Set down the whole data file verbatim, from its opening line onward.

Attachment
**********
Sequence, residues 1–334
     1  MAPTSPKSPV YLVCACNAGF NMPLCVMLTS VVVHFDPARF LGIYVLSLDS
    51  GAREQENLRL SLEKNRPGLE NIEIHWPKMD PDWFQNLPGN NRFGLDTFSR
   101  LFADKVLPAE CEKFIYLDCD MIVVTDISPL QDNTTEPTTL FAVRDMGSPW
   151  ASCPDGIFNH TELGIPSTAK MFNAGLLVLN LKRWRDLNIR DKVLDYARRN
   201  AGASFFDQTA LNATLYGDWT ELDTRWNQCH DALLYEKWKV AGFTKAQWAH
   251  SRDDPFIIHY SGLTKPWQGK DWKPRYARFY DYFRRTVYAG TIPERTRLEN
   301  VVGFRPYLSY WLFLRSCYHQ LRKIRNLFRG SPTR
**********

Sequence, residues 1–334
     1  MAPTSPKSPV YLVCACNAGF NMPLCVMLTS VVVHFDPARF LGIYVLSLDS
    51  GAREQENLRL SLEKNRPGLE NIEIHWPKMD PDWFQNLPGN NRFGLDTFSR
   101  LFADKVLPAE CEKFIYLDCD MIVVTDISPL QDNTTEPTTL FAVRDMGSPW
   151  ASCPDGIFNH TELGIPSTAK MFNAGLLVLN LKRWRDLNIR DKVLDYARRN
   201  AGASFFDQTA LNATLYGDWT ELDTRWNQCH DALLYEKWKV AGFTKAQWAH
   251  SRDDPFIIHY SGLTKPWQGK DWKPRYARFY DYFRRTVYAG TIPERTRLEN
   301  VVGFRPYLSY WLFLRSCYHQ LRKIRNLFRG SPTR